SELCO (Solar Electric Light Company). The company, which also
does business in India and Sri Lanka, targets customers not
connected to the national power grid. The company is still not
profitable in Vietnam, with sales of only 1448 solar energy units
over the past two years, but estimates show potentially 20 million
families in Vietnam still relying on generator or battery power.
The target market is families earning USD$70 per month, considered
sufficient to pay the required USD$9 per month for financing.
(Loans are arranged through the Bank for Agricultural
Reconstruction and Development. The default rate is approximately
18 percent.) One major obstacle to greater sales is that not many
families can afford the USD$200 down payment on the USD$900 solar
unit, at least not without help from their families overseas.
Another problem is illegal wires strung from distant power lines
to rural homes (in full view of the retinue of provincial
officials who joined the DCM for the tour), which obviate the need
to purchase a SELCO unit. SELCO officials complained that they
are also hamstrung by excessive red tape, such as the requirement
that the provincial People's Committee sign off on every loan
application. The local Women's Union is often helpful in pushing
loan applications through the Committee in a reasonable amount of
JUSTIFIABLY PROUD OF THEMSELVES VIS-A-VIS THE KHMER?
11. (SBU) Provincial leaders in both provinces spoke proudly of
their efforts to raise the living standards of the Khmer
population to the level of their Vietnamese Kinh neighbors. They
attributed any lingering economic disparities to differences in
educational attainment and family size, and dismissed allegations
of discrimination as untrue. As proof of the efficacy of their
efforts, Chairman Hiep pointed out that the number of Khmer
families under the poverty line had dropped from 64 percent to
just 18 percent in little more than 10 years. This was just five
points higher than the poverty level for the province overall.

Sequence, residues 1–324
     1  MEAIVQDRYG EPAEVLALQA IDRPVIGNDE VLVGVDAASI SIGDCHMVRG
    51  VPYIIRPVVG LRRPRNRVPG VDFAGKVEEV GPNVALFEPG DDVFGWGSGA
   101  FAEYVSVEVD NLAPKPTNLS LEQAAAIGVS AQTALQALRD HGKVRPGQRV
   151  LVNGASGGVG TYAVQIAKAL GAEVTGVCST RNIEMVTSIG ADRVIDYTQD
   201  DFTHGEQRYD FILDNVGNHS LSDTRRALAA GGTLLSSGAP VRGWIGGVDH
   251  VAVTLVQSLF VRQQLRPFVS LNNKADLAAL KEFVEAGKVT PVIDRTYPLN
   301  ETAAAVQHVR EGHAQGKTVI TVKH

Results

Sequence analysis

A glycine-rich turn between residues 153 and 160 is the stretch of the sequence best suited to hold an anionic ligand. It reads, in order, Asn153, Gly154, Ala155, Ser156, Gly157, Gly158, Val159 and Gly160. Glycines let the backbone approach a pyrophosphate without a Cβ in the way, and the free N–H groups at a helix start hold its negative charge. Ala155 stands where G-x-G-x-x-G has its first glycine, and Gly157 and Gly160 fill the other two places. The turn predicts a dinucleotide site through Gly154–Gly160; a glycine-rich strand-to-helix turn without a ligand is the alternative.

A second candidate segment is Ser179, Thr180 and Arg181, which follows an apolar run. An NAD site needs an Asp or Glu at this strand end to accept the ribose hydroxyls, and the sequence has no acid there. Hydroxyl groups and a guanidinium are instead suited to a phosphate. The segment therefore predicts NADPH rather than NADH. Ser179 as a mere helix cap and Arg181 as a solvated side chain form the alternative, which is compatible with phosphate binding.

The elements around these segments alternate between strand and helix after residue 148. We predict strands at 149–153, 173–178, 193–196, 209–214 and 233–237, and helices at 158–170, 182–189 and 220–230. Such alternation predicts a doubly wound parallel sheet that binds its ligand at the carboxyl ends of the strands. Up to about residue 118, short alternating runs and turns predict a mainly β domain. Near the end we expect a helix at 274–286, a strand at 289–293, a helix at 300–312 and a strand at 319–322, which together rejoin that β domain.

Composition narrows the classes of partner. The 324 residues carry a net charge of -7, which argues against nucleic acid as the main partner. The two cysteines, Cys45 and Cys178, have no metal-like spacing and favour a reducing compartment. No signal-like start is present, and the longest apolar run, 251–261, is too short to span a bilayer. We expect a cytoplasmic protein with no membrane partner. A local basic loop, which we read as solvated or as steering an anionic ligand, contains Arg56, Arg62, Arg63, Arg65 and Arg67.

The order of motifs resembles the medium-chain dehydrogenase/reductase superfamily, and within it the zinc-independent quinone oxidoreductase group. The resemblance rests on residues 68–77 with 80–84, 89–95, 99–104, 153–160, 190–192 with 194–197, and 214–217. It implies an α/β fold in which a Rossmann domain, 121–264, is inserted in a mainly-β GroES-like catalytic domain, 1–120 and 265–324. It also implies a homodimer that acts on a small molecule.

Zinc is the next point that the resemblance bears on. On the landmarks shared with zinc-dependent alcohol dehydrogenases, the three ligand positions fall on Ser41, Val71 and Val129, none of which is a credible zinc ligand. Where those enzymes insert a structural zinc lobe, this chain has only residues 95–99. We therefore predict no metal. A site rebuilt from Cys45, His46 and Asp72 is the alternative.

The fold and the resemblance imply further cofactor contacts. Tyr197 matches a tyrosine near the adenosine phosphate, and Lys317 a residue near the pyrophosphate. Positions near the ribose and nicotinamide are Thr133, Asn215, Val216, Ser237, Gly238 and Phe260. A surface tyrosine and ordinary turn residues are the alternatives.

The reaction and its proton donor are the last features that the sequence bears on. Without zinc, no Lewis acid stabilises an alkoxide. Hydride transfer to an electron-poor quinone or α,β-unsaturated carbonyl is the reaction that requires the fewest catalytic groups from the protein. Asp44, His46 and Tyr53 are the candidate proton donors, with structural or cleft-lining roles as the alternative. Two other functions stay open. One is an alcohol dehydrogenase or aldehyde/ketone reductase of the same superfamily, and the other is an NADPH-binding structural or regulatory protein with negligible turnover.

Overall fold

The poverty rate for Tra Vinh has dropped from 40 percent to 19
percent since 1992. Both provinces had relied heavily on funds
available from the central government under Program 135, started
in 1999 to help eliminate poverty among the ethnic minorities.
According to Vice Chairman Kim, the program was responsible for
3301 projects in Tra Vinh over the past four years, valued at more
than USD$5.1 million. He spoke of the importance of
infrastructure upgrades in terms of improving Khmer farmers'
ability to get their goods to market without being exploited by
12. (SBU) Provincial officials also ran through the usual litany
of programs available to ethnic minority groups throughout the
country, such as small grants and loans, and free medical care.
Ethnic minority students are eligible to receive a free education
through the secondary level at provincial ethnic minority boarding
schools. Elementary level boarding schools are located in each
district. Successful graduates are able to enter university
without sitting for the national entrance examination. Families
pay only expenses, while the government covers tuition. Of the
100 secondary school graduates in Tra Vinh each year, 40 enroll in
some sort of vocational training, while 30 go on to university.
The majority return to work in the local government. (Fifty
percent of the teachers at the boarding school are ethnic Khmer.)
Khmer pagodas also conduct primary education classes, equivalent
to Grades 1-5. Chairman Hiep hoped to convert a 3500-student
continuing education center/teacher training college into a
community college for Soc Trang in the near future, while Tra Vinh
has just established a community college with Canadian assistance.
Bilingual education is widely available in both provinces, as are
Khmer-language print and broadcast media.
SPEAKING OF RELIGION AND CULTURAL PRESERVATION
13. (SBU) While in Tra Vinh, the DCM visited the Southern
Secondary Pali Supplementary Education School, the only
institution of its kind in Vietnam. The two monks serving as
Director and Deputy Director were clearly nervous to be speaking
to what they described as the first diplomats to ever visit the
institution, and read mostly from prepared briefing papers.
Established in 1994, under the supervision of the Ministry of
Education and Training, the school is funded by the central GVN
and charges no tuition. The four-year course provides the
equivalent of a Grade 6-12 education in 11 subjects. A special
Khmer Ethnic Minority Committee sitting in Can Tho Province is
responsible for recruiting students each year from all over